In case it isn't evident by now, Sperring also has a refreshing take on gender roles. In Dumas's day women were often assigned the roles of unobtainable maiden or "fainting prize." Here, in a nice twist on the classic ribald, that role is firmly assigned to the men. Merafi is run by ruthless sorceresses (Quenfrida) and savvy female politicians (Yvellaine). More often than not it's the men who do the fainting and submitting as awesome, female driven forces of magic and intrigue begin to overwhelm the city.
There's also a nice switch from the typical hetero-centric romance tale. Far from your traditional male-female romance it's the interplay between Theircelin and Gracielis, two trapped and neglected men whose smoldering attraction would give Bella and Edward a run for their money, which makes up the emotional core of the story.
From suffering husband to sneering dominatrix, there's a character for every taste in Ghosts, but the vulnerable, bisexual Gracielis is by far the standout. You simply don't see many "painted toy" (as another character refers to him) heroes in fantasy and the combination of eroticism and melodrama with which Sperring writes makes this warm hearted, occasionally obnoxious and always riveting character the perfect protagonist for the tale. From the loveknots in his hair to his predilection for hot chocolate ("Wine would ruin me," he proclaims) Sperring has taken so much care to make Gracielis live that you might just smell his perfume.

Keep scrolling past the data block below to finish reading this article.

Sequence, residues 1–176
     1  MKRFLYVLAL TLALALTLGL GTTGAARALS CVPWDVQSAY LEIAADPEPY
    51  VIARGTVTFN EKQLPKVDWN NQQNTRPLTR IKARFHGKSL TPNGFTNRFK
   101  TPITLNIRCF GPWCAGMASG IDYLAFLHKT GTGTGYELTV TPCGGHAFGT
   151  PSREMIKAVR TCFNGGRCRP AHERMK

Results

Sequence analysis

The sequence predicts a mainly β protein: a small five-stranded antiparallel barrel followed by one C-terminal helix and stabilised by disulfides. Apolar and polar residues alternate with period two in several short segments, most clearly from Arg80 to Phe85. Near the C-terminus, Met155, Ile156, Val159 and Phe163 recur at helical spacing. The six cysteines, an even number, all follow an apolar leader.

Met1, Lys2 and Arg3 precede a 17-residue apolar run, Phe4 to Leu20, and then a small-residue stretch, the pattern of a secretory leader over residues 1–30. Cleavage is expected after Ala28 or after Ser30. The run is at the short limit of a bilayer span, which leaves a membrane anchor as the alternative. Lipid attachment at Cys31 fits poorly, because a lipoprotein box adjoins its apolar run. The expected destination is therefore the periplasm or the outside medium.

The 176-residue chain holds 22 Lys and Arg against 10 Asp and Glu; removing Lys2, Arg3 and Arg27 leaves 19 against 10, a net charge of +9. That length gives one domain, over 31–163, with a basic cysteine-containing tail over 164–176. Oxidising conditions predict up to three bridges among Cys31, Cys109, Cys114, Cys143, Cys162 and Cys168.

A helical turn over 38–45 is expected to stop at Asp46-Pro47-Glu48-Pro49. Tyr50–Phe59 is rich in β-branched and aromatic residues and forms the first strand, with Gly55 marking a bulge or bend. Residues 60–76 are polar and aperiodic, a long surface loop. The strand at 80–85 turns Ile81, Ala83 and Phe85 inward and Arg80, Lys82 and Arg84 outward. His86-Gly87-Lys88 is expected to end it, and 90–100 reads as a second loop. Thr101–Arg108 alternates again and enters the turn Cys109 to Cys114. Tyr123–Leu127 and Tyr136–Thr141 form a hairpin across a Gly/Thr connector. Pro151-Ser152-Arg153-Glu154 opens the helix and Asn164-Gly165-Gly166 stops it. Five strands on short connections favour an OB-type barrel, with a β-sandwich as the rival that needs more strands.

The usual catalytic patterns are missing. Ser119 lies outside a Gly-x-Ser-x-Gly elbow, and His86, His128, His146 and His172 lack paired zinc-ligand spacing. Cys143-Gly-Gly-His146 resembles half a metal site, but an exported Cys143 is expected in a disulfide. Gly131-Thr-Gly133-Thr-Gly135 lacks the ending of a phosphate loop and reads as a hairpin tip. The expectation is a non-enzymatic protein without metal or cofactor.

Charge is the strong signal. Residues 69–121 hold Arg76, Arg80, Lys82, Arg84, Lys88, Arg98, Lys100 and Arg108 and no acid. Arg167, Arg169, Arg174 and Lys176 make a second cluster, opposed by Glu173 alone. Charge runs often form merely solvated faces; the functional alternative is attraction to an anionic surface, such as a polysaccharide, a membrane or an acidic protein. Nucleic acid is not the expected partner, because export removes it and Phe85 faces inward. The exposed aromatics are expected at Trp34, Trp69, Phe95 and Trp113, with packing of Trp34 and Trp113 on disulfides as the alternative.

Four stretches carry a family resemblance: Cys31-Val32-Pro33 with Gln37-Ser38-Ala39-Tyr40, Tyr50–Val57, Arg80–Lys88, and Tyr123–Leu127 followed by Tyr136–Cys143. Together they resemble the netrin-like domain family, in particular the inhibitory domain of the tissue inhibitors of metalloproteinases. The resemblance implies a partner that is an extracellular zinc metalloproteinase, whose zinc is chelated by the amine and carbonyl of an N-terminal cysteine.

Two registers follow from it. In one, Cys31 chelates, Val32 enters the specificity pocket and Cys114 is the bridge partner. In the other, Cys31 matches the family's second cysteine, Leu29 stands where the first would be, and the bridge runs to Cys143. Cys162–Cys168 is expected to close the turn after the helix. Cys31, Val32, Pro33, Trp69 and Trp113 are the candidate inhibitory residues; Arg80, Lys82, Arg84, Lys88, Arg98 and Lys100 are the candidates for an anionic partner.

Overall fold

Gracielis also does some impressive metaphoric duties, for his situation with Quenfrida perfectly reflects the predicament of all the other major characters. From Valdarrien—caught between life and death—to Theircelin, beginning to wonder if a fling with Gracielis might dispel his guilt over his failing marriage, there's not a character who doesn't suffer some form of emotional bondage. It's these emotional dilemmas that ultimately makes Ghosts such a fun read. We may not know or care much about those too-little-seen mist monsters—but we certainly care about Sperring's people and they only grow more interesting as things get bleaker. Sperring may have yet to work out the finer details of her mythos or match the high-adventure tale she seems to want to tell with the emotional gravity she already possesses, but Living with Ghosts is a promising start. There's plenty of time to flesh out the details before Gracielis returns to haunt the streets of Merafi once more.
Hannah Strom-Martin's short story "Father Pena's Last Dance" appeared in the 2009 Halloween issue of Realms of Fantasy.